Mindfulness is intentionally living with awareness in the present moment, without judging or rejecting the moment, and without attachment to the moment. We are being mindful when we wake up from automatically going through our day, without living in the past or grasping at the future. We practice when we focus our attention on just one thing. The DBT mindfulness skills draw heavily from the practice of Zen and are compatible with Western contemplative and other Eastern meditation practices. These skills are supported with substantial and emerging scientific knowledge about the benefits of “allowing” your experience rather than suppressing, avoiding, or trying to change reality.

What are the benefits of practicing mindfulness?

There is an ever-growing body of research surrounding the benefits and gifts of having a regular mindfulness practice. Some of the benefits of even a short, but regular practice include:

So, what do I do?

Here are some basic exercises to get you started on your journey of mindfulness by engaging your breath:

If you would like to learn more about DBT Skills, please contact Josh Weingarten at lpt@cbhi.net.

Peer support work is an amazing career opportunity that calls upon a testimonial of “having been there.” Peer support specialists have the ITE credential of a lived recovery experience (I am The Evidence that recovery is real). They also undergo specialized training to gain what is called their Peer Support DNA (which stands for distinguished natural abilities) of Recovery & Resilience, Relationship, Authenticity, Mutuality, Empowerment, Integrity, Accountability, Ethics, Lifelong Learning, and Positivity.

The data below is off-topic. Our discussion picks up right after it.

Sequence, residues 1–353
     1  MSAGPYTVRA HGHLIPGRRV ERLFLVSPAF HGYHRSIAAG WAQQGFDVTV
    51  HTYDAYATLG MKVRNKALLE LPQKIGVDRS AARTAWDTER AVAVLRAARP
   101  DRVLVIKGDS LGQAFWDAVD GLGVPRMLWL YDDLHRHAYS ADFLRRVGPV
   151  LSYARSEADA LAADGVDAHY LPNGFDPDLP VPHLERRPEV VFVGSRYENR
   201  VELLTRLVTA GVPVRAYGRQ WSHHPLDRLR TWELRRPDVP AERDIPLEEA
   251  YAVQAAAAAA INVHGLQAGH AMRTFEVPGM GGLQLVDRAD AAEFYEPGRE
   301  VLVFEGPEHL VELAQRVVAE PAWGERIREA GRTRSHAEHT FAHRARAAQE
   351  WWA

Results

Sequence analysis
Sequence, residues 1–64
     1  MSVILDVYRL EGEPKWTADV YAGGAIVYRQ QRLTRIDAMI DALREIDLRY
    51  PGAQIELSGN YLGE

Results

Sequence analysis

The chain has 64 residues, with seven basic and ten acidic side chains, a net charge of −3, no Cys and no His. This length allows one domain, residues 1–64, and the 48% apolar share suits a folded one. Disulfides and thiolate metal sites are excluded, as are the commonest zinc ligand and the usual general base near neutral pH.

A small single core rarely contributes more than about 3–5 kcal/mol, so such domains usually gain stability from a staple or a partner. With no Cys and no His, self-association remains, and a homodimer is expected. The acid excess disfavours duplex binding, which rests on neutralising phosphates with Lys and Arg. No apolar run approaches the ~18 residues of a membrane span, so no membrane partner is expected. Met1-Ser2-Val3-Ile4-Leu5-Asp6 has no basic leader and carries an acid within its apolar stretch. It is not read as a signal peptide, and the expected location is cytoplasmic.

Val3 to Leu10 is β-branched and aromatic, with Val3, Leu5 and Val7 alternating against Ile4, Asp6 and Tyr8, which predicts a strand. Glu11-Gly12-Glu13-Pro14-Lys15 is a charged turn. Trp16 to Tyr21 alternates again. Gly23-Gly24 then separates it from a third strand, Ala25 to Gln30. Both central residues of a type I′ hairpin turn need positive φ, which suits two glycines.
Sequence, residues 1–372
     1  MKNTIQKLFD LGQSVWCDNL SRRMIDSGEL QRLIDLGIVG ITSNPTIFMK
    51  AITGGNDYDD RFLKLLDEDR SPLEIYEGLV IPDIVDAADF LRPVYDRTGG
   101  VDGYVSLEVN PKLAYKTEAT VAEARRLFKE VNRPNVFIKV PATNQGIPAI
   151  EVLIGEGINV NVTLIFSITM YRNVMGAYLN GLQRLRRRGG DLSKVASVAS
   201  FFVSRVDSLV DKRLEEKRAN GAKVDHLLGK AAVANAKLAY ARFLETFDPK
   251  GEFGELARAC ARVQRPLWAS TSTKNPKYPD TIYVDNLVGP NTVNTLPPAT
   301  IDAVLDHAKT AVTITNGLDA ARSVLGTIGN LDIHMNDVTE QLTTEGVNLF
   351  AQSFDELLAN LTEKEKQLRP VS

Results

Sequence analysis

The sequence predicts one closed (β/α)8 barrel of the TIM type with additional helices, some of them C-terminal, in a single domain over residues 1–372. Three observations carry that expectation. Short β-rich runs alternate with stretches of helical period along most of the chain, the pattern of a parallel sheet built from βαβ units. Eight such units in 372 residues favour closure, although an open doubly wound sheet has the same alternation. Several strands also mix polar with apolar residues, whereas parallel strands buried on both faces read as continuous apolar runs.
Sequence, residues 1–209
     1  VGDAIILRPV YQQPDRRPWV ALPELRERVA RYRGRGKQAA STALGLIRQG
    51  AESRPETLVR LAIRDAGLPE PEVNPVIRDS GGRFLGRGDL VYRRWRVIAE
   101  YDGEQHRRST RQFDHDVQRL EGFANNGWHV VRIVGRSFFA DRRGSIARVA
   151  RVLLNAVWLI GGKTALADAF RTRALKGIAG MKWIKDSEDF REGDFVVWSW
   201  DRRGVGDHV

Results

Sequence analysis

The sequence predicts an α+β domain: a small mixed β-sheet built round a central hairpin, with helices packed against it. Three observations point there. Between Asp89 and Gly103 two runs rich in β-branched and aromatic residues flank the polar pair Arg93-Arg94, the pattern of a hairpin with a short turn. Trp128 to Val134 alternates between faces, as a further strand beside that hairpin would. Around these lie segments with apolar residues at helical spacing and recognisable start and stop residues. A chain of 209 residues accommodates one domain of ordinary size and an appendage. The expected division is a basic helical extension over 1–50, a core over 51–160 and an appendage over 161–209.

It is not “just another job;” in fact, some people even say it is a calling. Since it is one of the most important jobs in integrated healthcare services, we suggest it be viewed through miraculous glasses; otherwise called the sacred lenses. The word sacred is used because it has to do with reverence and is sometimes used to describe holy ground – a place special enough that we take off our shoes when we set foot on it.

This sacred ground gives peer support specialists a viewing point for seeing people in the light of their strengths and potential. They engage with peers in ways that bring their strengths and wellness forward. Peer support is not about pushing or pulling someone down a path we think they need to walk. It is about walking side by side in mutuality and intentional relationship toward the direction of recovery, discovery, resilience, and wellness. Peer support is about being an expert at not being an expert, which takes a lot of expertise. It’s about empowering people with positive energy to do the hard work of recovery. And finally, peer support specialists also model recovery as they support and empower their colleagues and the organization to see through the lens of people being served. ~ Peer Support Learning for the 21st Century”